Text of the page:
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How Do You Get Employees to "Care" About Cleaning?


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Nancy@Masser's

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Posted 25 November 2011 - 04:49 PM

Hello All,
I am the Food Safety Manager for a fresh-pack potato packer in the U.S. All we do is wash, sort and pack fresh potatoes. LOTS of them. By nature, our product makes a lot of dirt and clutter. We always have a lot of dust and and a lot of packaging and packaging waste. Our plant, although clean, always seems to be cluttered and disorganized.

I know we could do a better job at keeping things neat and organized but it's tough because often our packing demand is such that it is all our employees can do to keep up with orders, much less keep things cleaned up to the level where I'd like to see it. Furthermore, I also know we have employees who just don't see the point of keeping things neat, unless we have an audit coming up. After all, it's "just potatoes".

I'm considering implementing some type of incentive award, a "Clean-Sweep Award", where I could present a small award to teams and areas of the plant that are particulary clean and neat on any given day. My hope is to create a spirit of competitiveness where employees with be motivated to maintain their work areas better in hopes of winning the award.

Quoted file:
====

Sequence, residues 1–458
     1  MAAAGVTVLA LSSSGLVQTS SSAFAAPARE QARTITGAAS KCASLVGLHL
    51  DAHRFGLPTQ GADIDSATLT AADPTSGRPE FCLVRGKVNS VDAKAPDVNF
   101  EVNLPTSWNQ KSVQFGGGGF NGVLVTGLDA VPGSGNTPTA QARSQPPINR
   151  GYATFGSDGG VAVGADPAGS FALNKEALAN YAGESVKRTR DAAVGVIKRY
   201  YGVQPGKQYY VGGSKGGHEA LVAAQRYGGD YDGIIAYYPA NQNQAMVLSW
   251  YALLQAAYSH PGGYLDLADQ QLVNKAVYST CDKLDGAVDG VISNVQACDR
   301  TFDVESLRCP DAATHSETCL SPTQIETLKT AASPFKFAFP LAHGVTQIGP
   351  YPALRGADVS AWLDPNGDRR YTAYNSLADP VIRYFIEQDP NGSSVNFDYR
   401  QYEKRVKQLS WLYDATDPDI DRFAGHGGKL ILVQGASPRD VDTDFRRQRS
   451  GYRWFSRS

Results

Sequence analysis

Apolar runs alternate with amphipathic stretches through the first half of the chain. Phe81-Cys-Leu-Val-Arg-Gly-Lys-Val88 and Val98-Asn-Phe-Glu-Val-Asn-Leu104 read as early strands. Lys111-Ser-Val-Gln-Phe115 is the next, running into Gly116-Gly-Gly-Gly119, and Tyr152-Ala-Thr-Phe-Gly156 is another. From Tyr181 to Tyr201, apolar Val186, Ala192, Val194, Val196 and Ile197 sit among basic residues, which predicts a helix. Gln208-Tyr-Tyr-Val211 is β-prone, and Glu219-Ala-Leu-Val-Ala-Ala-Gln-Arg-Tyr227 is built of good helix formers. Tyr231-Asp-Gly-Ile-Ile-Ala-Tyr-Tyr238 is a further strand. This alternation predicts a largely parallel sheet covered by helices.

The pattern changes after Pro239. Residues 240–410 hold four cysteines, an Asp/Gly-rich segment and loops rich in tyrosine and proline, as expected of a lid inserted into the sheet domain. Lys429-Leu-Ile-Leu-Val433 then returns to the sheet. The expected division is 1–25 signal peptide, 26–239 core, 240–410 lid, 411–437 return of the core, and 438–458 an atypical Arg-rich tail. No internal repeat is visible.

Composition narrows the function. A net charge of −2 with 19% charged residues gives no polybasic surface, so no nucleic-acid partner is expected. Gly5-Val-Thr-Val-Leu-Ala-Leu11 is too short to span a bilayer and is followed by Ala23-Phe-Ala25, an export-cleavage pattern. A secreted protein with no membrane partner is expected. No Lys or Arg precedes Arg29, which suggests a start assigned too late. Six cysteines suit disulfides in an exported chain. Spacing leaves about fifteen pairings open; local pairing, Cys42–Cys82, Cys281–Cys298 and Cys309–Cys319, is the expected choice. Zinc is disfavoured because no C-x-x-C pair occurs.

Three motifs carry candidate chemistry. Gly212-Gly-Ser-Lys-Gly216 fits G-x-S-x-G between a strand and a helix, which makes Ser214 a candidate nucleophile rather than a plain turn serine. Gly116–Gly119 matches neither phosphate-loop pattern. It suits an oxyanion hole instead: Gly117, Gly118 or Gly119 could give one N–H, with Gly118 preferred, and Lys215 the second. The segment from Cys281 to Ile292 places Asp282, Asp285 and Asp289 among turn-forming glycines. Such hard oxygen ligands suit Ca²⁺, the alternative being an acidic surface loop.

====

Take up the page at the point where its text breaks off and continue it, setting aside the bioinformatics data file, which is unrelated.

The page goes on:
Has anyone ever done a program like this? If so, will you share what you've done, the type of awards (gifts?) you've given, the frequency of presenting the incentive, etc? How did you introduce the program?

If you don't do an incentive program, how do you get your workers (including supervisors) to "care" about keeping work areas neat - especially if they may not work in the same area every day.

Any assistance would be appreciated.

Thanks in advance,
Nancy at Masser's



purepurple

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Posted 25 November 2011 - 05:18 PM

in the hotel I work, we used to do monthly audits and the team who scored the highest for the month was offered lunch in one of the restaurant. It worked at the beginning, but they got bored from it. I guess we need to change the type of incentive quite often, because people get bored very easily.



Charles.C

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Posted 25 November 2011 - 06:54 PM

Dear Nancy,

The tricky part IMEX is how to make a fair ranking / selection of "winner(s)". For example a common problem is to create a level playing field if, as is often the case, some sections are "naturally" easier to maintain clean than others. If so you may well find that one section is a continual "winner". Net result then becomes similar to previous post, ie the runners-up (very) rapidly lose enthusiasm.
I don't know any generally applicable method, maybe other people here do.

The primary, basic, incentives are all well-known of course, albeit not section selective. :smile:

Rgds / Charles.C


Kind Regards,

 

Charles.C


jockdude

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Posted 09 December 2011 - 09:29 AM

Hi Nancy